In the second part of our Tenant Fees Act 2019 series, Samuel Okoronkwo Jr. explains the impact of the Tenant Fees Act on the levels of rent and the extent of deposits chargeable. You can find Part 1, An Overview of the Tenant Fees Act here and Part 3, The Tenant Fees Act and Tenancy Changes and Breaches here.
Once the Tenant Fees Act 2019 comes into force, Samuel Okoronkwo Jr, argues that there will be a ban on setting rent at a higher level for an initial term of the tenancy and then dropping it down thereafter. The idea is to prevent landlords or agents trying to offset the ban on fees by artificially increasing the rent for the initial period to make up the costs. However, it is permissible for a landlord or agent to charge a higher rent than they would normally charge for the property, as long as it is charged consistently throughout the tenancy.
A holding deposit is a payment taken by the landlord or agent from the tenant before a tenant agrees a tenancy with the landlord, in order to ‘hold’ the property while checks are undertaken. Holding deposits will be limited to a maximum of one week’s rent and subject to statutory legislation on the repayment of this should the tenancy not go ahead.
HOLDING DEPOSITS AND THE TENANT FEES ACT 2019
Once the holding deposit is taken, the landlord has 15 days to make a decision once a holding deposit is taken, unless otherwise agreed in writing. The unlawful retaining of a holding deposit is civil offence resulting in a penalty of up to £5,000.
Landlords or agents can only accept one holding deposit for one property at any one time and should stop advertising a property once it has been taken. If the tenancy goes ahead, the holding deposit must be returned within seven days of agreement, unless it is converted into part payment of the actual deposit or used towards the initial rent payment.
If the tenancy does not go ahead due to no fault of the tenant, then the money must be repaid in full within seven days of the deadline being reached or the landlord backing out. The landlord also has to refund the deposit if they impose a requirement which breaches the Tenant Fees Act 2019 or behaves in a way that would make it unreasonable to expect the tenant to enter into a tenancy with the landlord.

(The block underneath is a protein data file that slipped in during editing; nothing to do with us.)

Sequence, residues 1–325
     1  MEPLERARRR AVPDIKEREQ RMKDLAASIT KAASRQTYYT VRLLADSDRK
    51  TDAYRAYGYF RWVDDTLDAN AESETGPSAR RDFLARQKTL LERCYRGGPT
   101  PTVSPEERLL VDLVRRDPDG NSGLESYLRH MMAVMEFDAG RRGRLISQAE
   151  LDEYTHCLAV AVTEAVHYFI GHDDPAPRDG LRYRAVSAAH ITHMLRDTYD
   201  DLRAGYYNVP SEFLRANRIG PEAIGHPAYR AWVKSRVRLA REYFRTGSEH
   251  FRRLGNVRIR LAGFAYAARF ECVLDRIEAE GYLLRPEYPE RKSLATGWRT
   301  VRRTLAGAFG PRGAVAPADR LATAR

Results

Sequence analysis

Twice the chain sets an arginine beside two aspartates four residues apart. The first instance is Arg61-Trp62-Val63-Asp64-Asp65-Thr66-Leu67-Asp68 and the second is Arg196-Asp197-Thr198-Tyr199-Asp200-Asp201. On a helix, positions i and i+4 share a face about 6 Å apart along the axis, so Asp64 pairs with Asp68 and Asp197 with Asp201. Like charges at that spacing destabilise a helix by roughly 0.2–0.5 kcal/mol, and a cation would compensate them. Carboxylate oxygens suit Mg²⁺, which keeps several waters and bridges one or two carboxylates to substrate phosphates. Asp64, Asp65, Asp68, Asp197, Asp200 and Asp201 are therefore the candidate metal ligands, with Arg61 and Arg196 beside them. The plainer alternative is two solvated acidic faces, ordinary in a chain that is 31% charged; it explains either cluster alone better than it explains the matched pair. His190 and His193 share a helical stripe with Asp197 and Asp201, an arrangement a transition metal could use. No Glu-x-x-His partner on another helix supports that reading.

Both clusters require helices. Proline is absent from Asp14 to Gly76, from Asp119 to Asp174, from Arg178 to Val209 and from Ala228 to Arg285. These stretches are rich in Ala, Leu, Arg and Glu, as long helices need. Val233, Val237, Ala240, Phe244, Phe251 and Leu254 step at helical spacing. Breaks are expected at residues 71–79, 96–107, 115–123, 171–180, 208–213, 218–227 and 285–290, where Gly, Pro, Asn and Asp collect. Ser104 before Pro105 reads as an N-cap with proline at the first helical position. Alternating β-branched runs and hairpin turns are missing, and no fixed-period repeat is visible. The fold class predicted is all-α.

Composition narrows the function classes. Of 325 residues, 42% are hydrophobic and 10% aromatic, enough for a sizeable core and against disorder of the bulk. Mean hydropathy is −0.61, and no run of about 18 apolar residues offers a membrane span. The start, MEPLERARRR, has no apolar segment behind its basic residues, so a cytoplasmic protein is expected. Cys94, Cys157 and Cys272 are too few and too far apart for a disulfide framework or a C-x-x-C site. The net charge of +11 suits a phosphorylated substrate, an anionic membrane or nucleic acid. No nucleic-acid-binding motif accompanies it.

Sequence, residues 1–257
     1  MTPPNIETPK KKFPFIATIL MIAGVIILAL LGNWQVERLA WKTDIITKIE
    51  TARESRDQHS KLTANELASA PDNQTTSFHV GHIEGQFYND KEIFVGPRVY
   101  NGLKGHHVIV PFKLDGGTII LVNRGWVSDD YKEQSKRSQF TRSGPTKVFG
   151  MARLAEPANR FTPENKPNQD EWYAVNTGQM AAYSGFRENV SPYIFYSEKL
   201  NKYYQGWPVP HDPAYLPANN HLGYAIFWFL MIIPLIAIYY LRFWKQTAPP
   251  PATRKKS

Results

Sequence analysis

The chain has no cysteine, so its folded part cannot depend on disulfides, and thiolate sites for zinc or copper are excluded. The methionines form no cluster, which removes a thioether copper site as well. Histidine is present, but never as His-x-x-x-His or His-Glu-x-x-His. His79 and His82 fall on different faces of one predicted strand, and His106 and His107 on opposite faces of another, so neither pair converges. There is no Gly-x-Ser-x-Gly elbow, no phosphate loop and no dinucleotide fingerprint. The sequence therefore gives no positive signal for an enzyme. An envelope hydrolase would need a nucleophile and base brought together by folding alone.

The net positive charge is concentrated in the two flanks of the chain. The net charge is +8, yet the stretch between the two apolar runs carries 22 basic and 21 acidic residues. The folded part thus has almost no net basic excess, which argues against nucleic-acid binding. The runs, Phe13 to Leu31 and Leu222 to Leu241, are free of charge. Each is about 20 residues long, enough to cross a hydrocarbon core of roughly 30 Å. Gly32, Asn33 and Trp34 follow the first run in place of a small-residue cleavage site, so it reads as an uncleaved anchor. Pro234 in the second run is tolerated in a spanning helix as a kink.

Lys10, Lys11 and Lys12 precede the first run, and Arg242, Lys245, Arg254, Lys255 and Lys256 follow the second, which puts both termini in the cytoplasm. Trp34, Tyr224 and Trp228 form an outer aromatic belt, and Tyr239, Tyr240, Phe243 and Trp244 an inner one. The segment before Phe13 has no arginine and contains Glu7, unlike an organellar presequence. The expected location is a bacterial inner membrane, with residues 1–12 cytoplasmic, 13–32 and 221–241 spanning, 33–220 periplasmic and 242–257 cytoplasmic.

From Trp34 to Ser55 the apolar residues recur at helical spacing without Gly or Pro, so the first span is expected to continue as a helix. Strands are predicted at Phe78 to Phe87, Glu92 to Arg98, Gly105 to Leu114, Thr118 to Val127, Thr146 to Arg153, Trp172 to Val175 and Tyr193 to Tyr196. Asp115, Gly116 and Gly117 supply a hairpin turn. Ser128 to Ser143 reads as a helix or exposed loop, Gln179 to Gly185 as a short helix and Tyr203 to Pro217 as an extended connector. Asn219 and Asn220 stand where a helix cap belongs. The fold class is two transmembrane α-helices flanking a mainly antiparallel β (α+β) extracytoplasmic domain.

However, repayment does not need to be in full if the tenant backs out of the tenancy agreement themselves, fails right to rent checks, has provided false or misleading information, or where the landlord tries their best to get the information needed but the tenant fails to provide it within the 15 days. An explanation for retaining the holding deposit must be provided in writing within seven days of the decision to not let the property being made if this is before the 15-day deadline or within seven days after this deadline passes. Otherwise, landlords or agents forfeit the right to retain the holding deposit and it must be returned. The explanation should be coupled with the evidence of the costs incurred in order to demonstrate that they are reasonable
Deposits will be limited to five weeks rent as a maximum amount for tenancies where the annual rent is below £50,000. Deposits for tenancies where the annual rent is £50,000 or more are limited to the equivalent of six weeks rent. However, according to Samuel Okoronkwo Jr., if a tenant paid a deposit before 1 June 2019 which exceeds the aforementioned caps, there will be no need to refund part of the deposit that is above the cap unless the tenancy is renewed with a new fixed term after the 1 June 2019.
A tenancy that states a deposit can be taken or the tenant may pay a fee to use a zero deposit scheme would be a permitted payment under the Tenant Fees Act. Any deposit taken for an assured short hold tenancy needs to be protected within 30 days in one of the three Government backed tenancy deposit schemes. The tenant must also be provided with the prescribed information relating to their deposit. Failure to protect the deposit can result in the tenant being able to claim up to three times their initial deposit by going through the courts.
So, if you are a landlord, tenant or agent and require specific advice from our barristers on the Tenant Fees Act 2019 and its relationship with Rents and Deposits, please get in touch by booking a consultation with a barrister; inquire via our website or by email firstname.lastname@example.org; or telephone us on 020 3034 0077.